Kathleen E. Woodiwiss, who was predeceased by her husband and son Dorren, is survived by sons Sean and Heath, and numerous grandchildren.

This title contains various authors.

KATHLEEN E. WOODIWISS is one of the world's best loved writers-the author of eleven enormously successful masterworks of romantic fiction, including her most recent novels, The Elusive Flame and A Season Beyond a Kiss, the long-awaited sequels to her groundbreaking classic love story The Flame and the Flower. In addition, she was a contributor to two New York Times-bestselling collections, Three Weddings and a Kiss and Married at Midnight. There are more than thirty-six million copies of her books in print worldwide.


Kathleen E. Woodiwiss always indulged her flair for the romantic. As a child, she devoured fairy tales. When she was just 16 years old, she met and fell in love with her future husband, 21-year-old Air Force Second Lieutenant Ross Woodiwiss, at a sock hop. They eloped a year later, and he often helped her work out the plots to her bestselling novels.

But fame and fortune didn't come as easily. On writing her first romance novel, Woodiwiss told People magazine, "It was something I was embarrassed to admit. Writing a novel seemed farfetched." Lucky for her readers, Woodiwiss persisted, with encouragement from friends and family. Even though her groundbreaking first novel, The Flame and the Flower, was ignored by eight publishers, it was eventually picked up by Avon Books and quickly became a bestseller.

The Flame and the Flower is credited with being the first historical romance novel, a subgenre that now accounts for a huge percentage of all paperback romances. Released in 1972, it opened a world of passionate fantasies and paved the way for subsequent romance writers to indulge in longer plots, historical fiction, controversial characters, and steamy scenes of sexual tension. According to bestselling romance novelist Julia Quinn, "Woodiwiss made women want to read. She gave them an alternative to Westerns and hard-boiled police procedurals. When I was growing up, I saw my mother and grandmother reading and enjoying romances, and when I was old enough to read them myself, I felt as if I had been admitted into a special sisterhood of reading women."

Despite her long career, Woodiwiss was not one of those book-a-year romance writers. In an interview with Germany's Bertelsmann Club, she attributed the long breaks between books to the intervention of real life: raising a family, marital problems, and medical issues. But through her ups and downs, she always focused on creating escapist, hopelessly romantic worlds for her readers. There is no "message," just the entertaining page-turners her fans know and love.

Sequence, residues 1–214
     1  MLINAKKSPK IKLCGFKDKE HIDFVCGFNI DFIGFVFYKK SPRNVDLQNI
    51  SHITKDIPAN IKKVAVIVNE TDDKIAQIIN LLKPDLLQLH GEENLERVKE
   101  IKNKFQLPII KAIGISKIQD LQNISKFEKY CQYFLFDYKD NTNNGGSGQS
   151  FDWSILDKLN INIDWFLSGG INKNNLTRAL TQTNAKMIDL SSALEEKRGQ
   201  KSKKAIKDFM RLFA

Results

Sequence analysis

Good To Know

Taking inspiration from her favorite fairy tale, "Beauty and the Beast," Woodiwiss penned A Rose in Winter, the bestselling story of a fair maiden who is promised to a horribly disfigured, misunderstood recluse. There's a happy ending, of course.

Long before she was a bestselling novelist, Woodiwiss worked as a fashion model. Beauty and brains -- just like many of her strong-willed leading ladies.

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    1. Also Known As:
      Kathleen Erin Hogg (birth name)
    1. Date of Birth:
      June 3, 1939
    2. Place of Birth:
      Alexandria, Louisiana
    1. Date of Death:
      July 6, 2007
    2. Place of Death:
      Princeton, Minnesota

Read an Excerpt

A long moment passed before either of them noticed a distant rumbling in the stillness of the night. A frown flickered across brow as he realized the sound was not born of the wind blowing through the trees. Indeed, no bridegroom could have been more determined to ignore the intrusion, but try as he might he could not banish the noise to the farthermost reaches of the universe. It grew increasingly louder until it became the rattle of many hooves thundering up the lane in front of the house.

Having failed to relegate the clamor to some distant clime, Jeff raised himself on an elbow and glared toward the bedroom door through which the offending clatter drifted, totally incensed that some of his blundering acquaintances might have chosen is precise moment to pay him a visit.

"I'll kill them!" he growled low. "So help me, if this is some kind of prank my friends have concocted, I'll kill the whole bloody lot of them!"